Early bioarchaeological research was focused on the description and typological classification of physical characteristics of humans based on adult skeletal (mainly cranial) remains. Although the concept of developmental plasticity and child growth was introduced in anthropology in the early twentieth century by Franz Boas, it was not until after the mid-twentieth century that infants and children were investigated in bioarchaeology, and until the 2000s that its study became more commonplace. Child forensic anthropology also has a relatively short historical background with the first forensic case studies occurring near the middle of the twentieth century (Lewis and Rutty 2003).
Key Issues/Current Debates
Bioarchaeological Theory: Stress, Developmental Origins and the Social Life Course
Bioarchaeologists traditionally employ a biocultural approach, where skeletal remains are interpreted within the context of the interplay between biology and culture (Larsen 2015). Physiological stress from an external (environmental) stressor is the central basis of this biocultural model (Goodman et al. 1984). Recently there is a growing interest in the Developmental Origins of Health and Disease (DOHaD) hypothesis in bioarchaeology, where it is recognized that maternal and early life stress has pressing implications for adult life and the health experience of their own offspring (Gowland 2015). Other approaches pertinent to child bioarchaeology are social life course theory and plasticity theory. The life course approach interprets aspects of human growth and health in the context of the different biological processes and social aspects that vary across the life course (Agarwal 2016). Plasticity theory views variability in development as a response to stress and investigates adaptive capacity across the life course. There is an increasing amount of literature drawing on social theory, focused on investigating the social identity of children, and the study of infant and child death and burial from archaeological contexts (e.g., Murphy and Le Roy 2017). Bioarchaeologists working with infants and children acknowledge that they are dealing with the nonsurvivors, and therefore, they may not be representative of the health experiences of survivors of the populations.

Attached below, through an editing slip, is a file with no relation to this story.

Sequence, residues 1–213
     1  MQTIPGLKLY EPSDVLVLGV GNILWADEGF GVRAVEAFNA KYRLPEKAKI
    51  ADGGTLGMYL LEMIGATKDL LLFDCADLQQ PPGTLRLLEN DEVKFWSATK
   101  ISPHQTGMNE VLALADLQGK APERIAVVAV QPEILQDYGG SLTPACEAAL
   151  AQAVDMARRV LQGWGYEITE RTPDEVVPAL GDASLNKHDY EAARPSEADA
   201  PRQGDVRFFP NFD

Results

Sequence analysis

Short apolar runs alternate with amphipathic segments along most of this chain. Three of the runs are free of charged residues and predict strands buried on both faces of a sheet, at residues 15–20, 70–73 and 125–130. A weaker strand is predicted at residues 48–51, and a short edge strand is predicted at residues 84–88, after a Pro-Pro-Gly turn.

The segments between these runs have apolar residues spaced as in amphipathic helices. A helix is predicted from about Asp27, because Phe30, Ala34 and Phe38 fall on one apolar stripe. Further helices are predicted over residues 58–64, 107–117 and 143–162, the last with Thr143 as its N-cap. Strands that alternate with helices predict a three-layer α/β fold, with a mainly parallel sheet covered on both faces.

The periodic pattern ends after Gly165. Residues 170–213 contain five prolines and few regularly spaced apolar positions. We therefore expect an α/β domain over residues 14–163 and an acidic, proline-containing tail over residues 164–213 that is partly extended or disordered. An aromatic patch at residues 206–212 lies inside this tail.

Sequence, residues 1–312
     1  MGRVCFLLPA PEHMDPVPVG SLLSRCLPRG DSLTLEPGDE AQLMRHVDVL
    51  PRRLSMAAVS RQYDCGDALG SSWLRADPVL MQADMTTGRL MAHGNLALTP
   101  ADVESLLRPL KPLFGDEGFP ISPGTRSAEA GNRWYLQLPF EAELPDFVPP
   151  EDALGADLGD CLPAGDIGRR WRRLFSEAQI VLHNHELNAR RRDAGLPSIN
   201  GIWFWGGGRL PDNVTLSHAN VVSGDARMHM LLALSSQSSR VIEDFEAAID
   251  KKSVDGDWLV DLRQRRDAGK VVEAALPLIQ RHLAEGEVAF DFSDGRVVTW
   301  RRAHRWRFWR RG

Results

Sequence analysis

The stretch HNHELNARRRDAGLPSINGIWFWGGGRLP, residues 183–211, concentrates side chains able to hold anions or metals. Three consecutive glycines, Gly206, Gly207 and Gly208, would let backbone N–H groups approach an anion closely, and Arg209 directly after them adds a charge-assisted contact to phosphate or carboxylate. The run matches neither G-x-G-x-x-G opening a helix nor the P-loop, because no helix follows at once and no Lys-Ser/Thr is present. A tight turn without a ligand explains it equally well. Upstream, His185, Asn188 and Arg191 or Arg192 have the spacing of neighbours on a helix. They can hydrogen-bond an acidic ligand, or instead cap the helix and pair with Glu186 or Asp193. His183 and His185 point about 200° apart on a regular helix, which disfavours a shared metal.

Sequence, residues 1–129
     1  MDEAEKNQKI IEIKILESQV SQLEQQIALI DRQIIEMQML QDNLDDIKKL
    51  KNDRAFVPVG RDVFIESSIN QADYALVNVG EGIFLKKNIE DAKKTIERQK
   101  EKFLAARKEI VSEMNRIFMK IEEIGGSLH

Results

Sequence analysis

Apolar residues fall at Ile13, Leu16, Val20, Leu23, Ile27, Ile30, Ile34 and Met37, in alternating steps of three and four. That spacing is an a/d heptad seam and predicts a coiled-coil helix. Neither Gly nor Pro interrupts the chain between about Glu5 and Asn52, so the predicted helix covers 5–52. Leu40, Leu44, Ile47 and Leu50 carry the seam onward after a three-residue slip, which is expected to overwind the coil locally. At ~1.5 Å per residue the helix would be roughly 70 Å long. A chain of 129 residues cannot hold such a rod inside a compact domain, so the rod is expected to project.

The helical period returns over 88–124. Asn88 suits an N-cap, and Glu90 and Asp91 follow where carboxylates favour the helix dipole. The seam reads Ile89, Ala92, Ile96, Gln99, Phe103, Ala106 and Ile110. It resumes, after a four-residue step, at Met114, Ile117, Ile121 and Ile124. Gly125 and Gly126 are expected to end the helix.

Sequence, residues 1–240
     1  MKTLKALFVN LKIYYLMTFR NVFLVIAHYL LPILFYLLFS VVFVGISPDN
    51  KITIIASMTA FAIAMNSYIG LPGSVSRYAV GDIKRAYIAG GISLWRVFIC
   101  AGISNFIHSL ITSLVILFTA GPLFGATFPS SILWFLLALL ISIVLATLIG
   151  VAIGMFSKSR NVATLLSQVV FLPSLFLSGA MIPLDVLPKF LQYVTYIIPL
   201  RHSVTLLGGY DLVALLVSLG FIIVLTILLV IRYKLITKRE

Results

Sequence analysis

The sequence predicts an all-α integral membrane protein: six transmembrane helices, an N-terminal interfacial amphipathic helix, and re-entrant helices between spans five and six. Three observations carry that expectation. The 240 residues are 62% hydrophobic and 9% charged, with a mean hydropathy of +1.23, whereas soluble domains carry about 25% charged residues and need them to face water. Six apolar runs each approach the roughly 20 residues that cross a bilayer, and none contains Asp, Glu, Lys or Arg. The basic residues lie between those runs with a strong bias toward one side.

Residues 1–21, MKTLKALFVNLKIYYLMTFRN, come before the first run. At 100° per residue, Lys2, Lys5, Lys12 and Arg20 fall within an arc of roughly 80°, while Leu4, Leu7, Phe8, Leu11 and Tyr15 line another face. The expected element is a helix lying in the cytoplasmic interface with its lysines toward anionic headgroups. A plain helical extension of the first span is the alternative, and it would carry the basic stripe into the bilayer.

The fields of bioarchaeology and forensic anthropology are similarly interested in building biological profiles of individuals, including age and any other identifying features such as disease and evidence for trauma. As such, many of the methods employed for this purpose are similar between these fields. There are several central methods for investigating children in the archaeological and forensic anthropological contexts, and we outline these below.